NASA has been following the Holuhraun eruption closely from the very beginning. The two images here show the eruption in the very early days and other the lava as it was in the beginning of January. An article accompanying the images reads:
“Since August 2014, lava has gushed from fissures just north of Vatnajökull, Iceland’s largest glacier. As of January 6, 2015, the Holuhraun lava field had spread across more than 84 square kilometers (32 square miles), making it larger than the island of Manhattan. Holuhraun is Iceland’s largest basaltic lava flow since the Laki eruption in 1783–84, an event that killed 20 percent of the island’s population.
The Operational Land Imager (OLI) on Landsat 8 captured this view of the lava field on January 3, 2015. The false-color images combine shortwave infrared, near infrared, and red light (OLI bands 6-5-4). The plume of steam and sulfur dioxide appears white. Newly-formed basaltic rock is black. Fresh lava is bright orange. A lava lake is visible on the western part of the lava field, and steam rises from the eastern margin where the lava meets the Jökulsá á Fjöllum river.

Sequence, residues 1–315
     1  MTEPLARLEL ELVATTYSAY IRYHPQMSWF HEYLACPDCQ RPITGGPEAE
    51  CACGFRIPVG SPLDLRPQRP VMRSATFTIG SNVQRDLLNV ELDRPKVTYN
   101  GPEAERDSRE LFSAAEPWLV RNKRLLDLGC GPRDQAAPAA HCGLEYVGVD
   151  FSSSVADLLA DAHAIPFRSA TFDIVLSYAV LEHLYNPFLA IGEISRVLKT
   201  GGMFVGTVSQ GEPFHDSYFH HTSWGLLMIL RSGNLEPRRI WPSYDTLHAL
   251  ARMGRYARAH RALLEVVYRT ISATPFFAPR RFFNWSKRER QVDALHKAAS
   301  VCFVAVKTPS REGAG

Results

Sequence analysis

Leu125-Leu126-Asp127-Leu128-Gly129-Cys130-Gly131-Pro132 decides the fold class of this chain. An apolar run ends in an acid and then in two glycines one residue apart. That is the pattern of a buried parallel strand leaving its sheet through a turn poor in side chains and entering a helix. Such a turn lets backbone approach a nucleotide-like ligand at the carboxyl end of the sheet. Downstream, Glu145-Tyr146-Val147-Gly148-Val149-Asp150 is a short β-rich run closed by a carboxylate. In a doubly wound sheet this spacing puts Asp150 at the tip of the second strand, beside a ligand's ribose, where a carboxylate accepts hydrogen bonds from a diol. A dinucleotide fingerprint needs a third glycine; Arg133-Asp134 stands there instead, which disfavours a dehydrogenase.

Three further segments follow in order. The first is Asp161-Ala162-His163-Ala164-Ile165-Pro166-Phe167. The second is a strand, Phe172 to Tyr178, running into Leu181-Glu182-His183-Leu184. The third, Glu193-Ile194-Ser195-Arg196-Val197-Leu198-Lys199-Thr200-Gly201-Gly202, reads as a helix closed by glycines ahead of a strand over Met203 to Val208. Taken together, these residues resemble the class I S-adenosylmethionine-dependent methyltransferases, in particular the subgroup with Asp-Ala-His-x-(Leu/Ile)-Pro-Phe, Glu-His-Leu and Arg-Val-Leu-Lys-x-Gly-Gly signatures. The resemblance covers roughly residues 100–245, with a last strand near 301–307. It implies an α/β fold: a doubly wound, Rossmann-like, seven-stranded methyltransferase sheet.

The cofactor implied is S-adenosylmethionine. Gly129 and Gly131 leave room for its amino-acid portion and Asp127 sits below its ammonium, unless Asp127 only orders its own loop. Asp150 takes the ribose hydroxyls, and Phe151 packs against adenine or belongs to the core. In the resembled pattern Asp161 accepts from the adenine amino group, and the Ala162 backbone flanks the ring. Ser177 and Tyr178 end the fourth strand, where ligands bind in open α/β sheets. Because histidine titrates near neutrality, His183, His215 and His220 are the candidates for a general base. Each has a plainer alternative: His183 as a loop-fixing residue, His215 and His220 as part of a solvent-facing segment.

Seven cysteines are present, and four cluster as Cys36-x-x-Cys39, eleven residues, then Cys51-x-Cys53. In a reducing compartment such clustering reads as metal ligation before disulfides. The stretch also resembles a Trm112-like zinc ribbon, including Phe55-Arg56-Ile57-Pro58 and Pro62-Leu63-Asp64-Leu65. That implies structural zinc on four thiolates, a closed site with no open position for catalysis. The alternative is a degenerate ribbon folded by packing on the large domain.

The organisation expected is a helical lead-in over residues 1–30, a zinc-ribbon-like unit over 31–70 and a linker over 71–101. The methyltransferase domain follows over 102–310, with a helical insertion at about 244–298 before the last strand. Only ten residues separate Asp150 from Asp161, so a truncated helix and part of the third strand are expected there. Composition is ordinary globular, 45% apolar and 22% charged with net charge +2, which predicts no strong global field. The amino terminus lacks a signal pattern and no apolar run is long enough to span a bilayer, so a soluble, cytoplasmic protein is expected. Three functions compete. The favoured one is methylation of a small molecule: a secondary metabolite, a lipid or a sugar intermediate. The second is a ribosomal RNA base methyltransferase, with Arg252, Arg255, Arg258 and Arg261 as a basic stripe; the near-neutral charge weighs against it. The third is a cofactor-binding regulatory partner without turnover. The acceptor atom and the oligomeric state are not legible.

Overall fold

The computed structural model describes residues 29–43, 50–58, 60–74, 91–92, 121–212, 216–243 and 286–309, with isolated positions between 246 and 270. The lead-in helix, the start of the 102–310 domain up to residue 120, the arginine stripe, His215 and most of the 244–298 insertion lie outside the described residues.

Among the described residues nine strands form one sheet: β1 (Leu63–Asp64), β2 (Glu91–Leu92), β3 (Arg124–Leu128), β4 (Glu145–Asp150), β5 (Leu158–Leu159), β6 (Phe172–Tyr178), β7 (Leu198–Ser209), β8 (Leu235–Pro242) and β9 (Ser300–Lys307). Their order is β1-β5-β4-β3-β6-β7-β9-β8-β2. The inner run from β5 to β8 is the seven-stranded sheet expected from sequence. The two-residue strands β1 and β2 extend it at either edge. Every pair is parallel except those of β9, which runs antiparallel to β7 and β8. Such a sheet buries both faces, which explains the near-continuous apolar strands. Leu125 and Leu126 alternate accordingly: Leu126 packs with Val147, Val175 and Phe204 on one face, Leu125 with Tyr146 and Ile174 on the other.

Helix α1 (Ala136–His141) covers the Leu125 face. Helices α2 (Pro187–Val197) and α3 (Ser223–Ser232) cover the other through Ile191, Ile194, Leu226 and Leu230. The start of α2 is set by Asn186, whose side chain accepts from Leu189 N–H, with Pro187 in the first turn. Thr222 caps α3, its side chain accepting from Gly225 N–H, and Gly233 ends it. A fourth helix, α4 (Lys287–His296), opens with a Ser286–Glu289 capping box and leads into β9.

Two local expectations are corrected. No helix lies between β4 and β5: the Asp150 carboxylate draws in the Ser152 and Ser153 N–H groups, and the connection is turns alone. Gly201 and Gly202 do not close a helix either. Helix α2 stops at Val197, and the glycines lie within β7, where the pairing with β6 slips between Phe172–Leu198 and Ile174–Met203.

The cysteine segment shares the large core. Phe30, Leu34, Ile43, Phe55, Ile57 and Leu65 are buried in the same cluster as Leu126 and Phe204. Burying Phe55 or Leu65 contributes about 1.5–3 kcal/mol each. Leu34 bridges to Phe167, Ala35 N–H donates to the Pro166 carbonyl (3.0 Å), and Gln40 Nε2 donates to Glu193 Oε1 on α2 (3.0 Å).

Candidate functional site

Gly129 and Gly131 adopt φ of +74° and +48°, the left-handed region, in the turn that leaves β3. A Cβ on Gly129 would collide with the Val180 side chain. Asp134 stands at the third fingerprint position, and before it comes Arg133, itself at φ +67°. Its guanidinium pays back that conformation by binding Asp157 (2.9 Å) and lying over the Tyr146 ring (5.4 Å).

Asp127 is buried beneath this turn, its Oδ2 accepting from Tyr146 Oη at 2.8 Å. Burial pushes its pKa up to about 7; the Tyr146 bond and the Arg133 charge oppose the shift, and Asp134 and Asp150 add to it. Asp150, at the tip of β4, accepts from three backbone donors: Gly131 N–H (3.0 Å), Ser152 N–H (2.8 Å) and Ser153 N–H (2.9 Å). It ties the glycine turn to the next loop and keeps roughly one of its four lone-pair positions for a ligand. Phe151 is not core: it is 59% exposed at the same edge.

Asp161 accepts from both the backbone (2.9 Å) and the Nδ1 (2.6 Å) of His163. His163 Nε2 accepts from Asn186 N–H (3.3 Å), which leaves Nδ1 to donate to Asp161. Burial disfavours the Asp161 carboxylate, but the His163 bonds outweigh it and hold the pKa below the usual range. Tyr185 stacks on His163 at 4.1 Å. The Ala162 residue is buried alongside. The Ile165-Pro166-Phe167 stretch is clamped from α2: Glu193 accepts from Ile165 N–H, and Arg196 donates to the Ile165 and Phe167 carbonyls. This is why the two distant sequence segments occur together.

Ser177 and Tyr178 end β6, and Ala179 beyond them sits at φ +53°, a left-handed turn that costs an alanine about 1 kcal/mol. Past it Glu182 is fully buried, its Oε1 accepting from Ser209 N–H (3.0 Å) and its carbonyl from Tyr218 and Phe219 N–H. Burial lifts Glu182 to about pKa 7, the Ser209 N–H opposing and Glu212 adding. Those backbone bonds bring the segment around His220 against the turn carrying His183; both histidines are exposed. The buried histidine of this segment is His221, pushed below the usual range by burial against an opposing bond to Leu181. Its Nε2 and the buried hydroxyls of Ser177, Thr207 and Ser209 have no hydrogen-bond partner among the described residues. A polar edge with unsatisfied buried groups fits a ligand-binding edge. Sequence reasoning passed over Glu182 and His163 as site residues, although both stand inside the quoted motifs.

For comparison, the lower image shows the size of the lava field as observed by Landsat 8 on September 6, 2014. Beyond the growth of the lava field, notice that much of the flow was in lava rivers on the surface in September, while in January much of the lava was delivered to the eastern edge through a closed channel.
Scientists from the University of Iceland’s Institute of Earth Sciences have estimated the thickness of the lava field based on data from surveillance flights. On average, the eastern part was about 10 meters (33 feet) thick, the center was 12 meters, and the western part was 14 meters. Their preliminary analysis put the volume of lava at 1.1 cubic kilometers, enough for the eruption to be considered a flood basalt.
The Holuhraun eruption in the very beginning, September 2014. Photo: NASA.
While Holuhraun continues to spew copious amounts of lava and sulfur dioxide, some observations suggest the eruption may be slowing down. As Edinburgh University volcanologist John Stevenson noted on his blog, Icelandic scientists have shown that the sinking (subsidence) of the caldera has declined from 80 centimeters (31 inches) to 25 centimeters per day—a sign that less magma is moving toward the surface. In addition, magnitude 5 or higher earthquakes that used to occur daily are now happening about once a week. Meanwhile, satellite observations of heat flux show a decline from more than 20 gigawatts in early September to fewer than 5 gigawatts by the end of November.
The map shows the lava and some well known tourist destinations.
“This doesn’t mean that the eruption will stop soon. Like the weakening spray from an aerosol can, the eruption rate declines exponentially. The lower the flow, the more slowly it declines,” said Stevenson. Some volcanologists have predicted lava could continue to flow for years.”
The original article can be read here.